A novel kinetic ozonation model for bromate minimisation and prediction of TrOC removal
SWIFT (swiftva.com) is one of the largest indirect potable reuse (IPR) projects in the world, and the largest non-membrane based one (article on SWIFT available). In a matter of a decade, 1 billion USD will be invested to bring the IPR capacity to 100MGD (ca. 380.000 m³/day). Our client HRSD (VA, US),hired AM-TEAM to develop a novel kinetic ozonation model that predicts bromate formation and micropollutant removal. We work closely together with Dynamita, the company behind the simulation platform SUMO (dynamita.com).
As such, different bromate mitigation strategies can be compared based on performance and cost, while the tradeoff with TrOC removal can be assessed. Hence, the model is both an R&D and engineering tool (for train configuration).
The model includes the following main phenomena:
- Fast and slow ozone decomposition
- Decay of bulk organic matter
- Ozone and hydroxyl radical based TrOC removal
- Bromate formation
- Bromate mitigation (e.g. by monochloramine, H2O2, ...)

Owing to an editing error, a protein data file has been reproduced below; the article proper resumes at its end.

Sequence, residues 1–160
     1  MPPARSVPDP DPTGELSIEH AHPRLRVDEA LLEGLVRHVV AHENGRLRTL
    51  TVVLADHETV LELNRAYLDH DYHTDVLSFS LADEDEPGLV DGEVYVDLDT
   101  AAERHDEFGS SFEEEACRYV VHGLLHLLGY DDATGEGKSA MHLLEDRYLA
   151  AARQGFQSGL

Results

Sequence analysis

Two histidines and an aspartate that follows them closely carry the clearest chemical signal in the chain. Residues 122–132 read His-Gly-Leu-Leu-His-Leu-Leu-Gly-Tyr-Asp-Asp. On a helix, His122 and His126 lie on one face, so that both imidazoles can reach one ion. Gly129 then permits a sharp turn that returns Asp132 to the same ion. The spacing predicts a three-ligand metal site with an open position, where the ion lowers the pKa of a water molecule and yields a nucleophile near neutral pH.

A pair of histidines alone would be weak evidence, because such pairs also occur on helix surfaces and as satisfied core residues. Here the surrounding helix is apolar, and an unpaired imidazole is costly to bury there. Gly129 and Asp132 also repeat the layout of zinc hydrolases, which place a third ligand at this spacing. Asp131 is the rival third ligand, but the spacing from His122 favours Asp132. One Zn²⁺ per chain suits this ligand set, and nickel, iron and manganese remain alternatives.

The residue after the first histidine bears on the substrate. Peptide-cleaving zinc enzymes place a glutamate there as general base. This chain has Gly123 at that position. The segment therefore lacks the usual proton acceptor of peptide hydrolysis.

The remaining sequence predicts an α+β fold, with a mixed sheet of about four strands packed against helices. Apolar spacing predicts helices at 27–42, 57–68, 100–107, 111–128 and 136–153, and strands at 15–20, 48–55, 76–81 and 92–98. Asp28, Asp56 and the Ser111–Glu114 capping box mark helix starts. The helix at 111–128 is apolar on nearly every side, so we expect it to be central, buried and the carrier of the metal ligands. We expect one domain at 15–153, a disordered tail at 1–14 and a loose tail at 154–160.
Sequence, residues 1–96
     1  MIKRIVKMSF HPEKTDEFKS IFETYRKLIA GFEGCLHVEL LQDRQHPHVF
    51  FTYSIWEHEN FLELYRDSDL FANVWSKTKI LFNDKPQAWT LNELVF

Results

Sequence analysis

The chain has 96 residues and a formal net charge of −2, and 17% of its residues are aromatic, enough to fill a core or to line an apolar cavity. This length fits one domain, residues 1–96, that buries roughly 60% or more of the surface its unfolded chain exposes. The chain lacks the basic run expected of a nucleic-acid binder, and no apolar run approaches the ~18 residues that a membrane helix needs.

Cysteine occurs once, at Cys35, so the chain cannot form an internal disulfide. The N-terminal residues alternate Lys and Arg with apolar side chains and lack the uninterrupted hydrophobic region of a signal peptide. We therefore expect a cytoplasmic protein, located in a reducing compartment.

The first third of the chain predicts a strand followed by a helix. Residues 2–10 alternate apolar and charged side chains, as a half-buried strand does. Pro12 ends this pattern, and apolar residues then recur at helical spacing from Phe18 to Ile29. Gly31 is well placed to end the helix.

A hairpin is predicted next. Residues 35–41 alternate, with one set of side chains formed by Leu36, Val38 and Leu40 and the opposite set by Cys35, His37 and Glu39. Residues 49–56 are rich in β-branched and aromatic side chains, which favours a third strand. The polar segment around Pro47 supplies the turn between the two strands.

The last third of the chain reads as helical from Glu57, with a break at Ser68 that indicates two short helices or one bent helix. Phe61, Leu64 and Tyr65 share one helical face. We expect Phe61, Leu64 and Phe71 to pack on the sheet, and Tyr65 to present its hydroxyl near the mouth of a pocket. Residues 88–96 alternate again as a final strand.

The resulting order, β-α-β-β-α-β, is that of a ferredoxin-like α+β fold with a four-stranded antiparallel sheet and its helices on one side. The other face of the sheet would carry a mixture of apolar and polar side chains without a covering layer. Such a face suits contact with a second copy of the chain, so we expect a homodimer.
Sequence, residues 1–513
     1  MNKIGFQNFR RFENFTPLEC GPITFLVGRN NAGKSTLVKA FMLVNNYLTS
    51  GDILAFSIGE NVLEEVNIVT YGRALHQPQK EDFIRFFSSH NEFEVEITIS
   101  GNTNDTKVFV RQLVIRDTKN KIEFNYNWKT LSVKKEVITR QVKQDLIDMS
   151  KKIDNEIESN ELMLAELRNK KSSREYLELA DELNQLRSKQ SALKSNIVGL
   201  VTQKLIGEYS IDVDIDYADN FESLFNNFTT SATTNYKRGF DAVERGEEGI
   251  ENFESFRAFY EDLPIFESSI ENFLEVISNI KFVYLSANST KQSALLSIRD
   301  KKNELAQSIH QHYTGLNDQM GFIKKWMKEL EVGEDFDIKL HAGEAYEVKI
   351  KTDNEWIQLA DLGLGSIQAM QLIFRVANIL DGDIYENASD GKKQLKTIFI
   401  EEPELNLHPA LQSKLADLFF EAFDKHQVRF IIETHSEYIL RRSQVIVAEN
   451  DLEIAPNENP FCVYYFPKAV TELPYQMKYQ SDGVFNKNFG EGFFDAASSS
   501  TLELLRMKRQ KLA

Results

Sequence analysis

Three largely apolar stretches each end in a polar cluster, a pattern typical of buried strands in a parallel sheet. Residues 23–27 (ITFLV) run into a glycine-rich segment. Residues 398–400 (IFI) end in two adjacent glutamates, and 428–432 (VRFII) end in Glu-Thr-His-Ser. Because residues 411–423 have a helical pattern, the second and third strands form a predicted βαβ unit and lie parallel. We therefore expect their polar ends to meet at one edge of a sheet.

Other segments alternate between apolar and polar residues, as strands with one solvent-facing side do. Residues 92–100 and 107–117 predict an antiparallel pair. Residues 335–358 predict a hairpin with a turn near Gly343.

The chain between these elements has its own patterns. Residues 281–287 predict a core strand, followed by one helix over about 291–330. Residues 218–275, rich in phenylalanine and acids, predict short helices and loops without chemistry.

We started modelling the SWIFT pilot ozonation train, consisting of a sidestream injection or bubble configuration, and five transfer and reaction columns. This train is given in the below figure: schematic (left),picture (middle) and SUMO model (right).
The below figure illustrates the predictive power of the model in terms of residual dissolved ozone (left) and bromate mitigation at different monochloramine doses (right).
The model can then be used to run different scenarios and investigate bromate formation. For example, the below figure showst that the majority of bromate is formed in the early stage of the process, and mainly HO radical based. Further, the addition of monochloramine clearly reduces bromate, but also reduces the removal of some TrOCs, mainly those which are dominantely removed by HO radicals, such as 1,4-dioxane.